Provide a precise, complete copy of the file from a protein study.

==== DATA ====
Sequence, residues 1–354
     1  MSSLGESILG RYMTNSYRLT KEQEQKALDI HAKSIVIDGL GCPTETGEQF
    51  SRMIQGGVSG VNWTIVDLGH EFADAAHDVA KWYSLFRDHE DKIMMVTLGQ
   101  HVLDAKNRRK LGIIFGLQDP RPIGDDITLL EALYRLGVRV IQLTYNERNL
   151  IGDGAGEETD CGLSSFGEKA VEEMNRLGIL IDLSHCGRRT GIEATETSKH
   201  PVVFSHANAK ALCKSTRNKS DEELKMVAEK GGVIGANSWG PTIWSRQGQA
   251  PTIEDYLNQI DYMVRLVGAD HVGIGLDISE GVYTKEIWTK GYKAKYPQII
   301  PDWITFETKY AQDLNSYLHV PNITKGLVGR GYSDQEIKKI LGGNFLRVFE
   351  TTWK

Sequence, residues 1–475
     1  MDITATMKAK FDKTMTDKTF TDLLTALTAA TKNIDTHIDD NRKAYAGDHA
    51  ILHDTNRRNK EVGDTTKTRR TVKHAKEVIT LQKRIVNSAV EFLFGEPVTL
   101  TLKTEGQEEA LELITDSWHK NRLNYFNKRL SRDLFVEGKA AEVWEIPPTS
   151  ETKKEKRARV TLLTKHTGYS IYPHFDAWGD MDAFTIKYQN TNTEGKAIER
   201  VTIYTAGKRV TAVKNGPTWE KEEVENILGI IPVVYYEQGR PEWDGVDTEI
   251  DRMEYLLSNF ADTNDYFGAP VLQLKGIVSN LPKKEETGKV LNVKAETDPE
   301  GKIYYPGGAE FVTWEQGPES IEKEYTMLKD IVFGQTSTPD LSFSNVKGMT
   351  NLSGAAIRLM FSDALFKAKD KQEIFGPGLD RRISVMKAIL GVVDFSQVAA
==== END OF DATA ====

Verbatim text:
Sequence, residues 1–354
     1  MSSLGESILG RYMTNSYRLT KEQEQKALDI HAKSIVIDGL GCPTETGEQF
    51  SRMIQGGVSG VNWTIVDLGH EFADAAHDVA KWYSLFRDHE DKIMMVTLGQ
   101  HVLDAKNRRK LGIIFGLQDP RPIGDDITLL EALYRLGVRV IQLTYNERNL
   151  IGDGAGEETD CGLSSFGEKA VEEMNRLGIL IDLSHCGRRT GIEATETSKH
   201  PVVFSHANAK ALCKSTRNKS DEELKMVAEK GGVIGANSWG PTIWSRQGQA
   251  PTIEDYLNQI DYMVRLVGAD HVGIGLDISE GVYTKEIWTK GYKAKYPQII
   301  PDWITFETKY AQDLNSYLHV PNITKGLVGR GYSDQEIKKI LGGNFLRVFE
   351  TTWK

Sequence, residues 1–475
     1  MDITATMKAK FDKTMTDKTF TDLLTALTAA TKNIDTHIDD NRKAYAGDHA
    51  ILHDTNRRNK EVGDTTKTRR TVKHAKEVIT LQKRIVNSAV EFLFGEPVTL
   101  TLKTEGQEEA LELITDSWHK NRLNYFNKRL SRDLFVEGKA AEVWEIPPTS
   151  ETKKEKRARV TLLTKHTGYS IYPHFDAWGD MDAFTIKYQN TNTEGKAIER
   201  VTIYTAGKRV TAVKNGPTWE KEEVENILGI IPVVYYEQGR PEWDGVDTEI
   251  DRMEYLLSNF ADTNDYFGAP VLQLKGIVSN LPKKEETGKV LNVKAETDPE
   301  GKIYYPGGAE FVTWEQGPES IEKEYTMLKD IVFGQTSTPD LSFSNVKGMT
   351  NLSGAAIRLM FSDALFKAKD KQEIFGPGLD RRISVMKAIL GVVDFSQVAA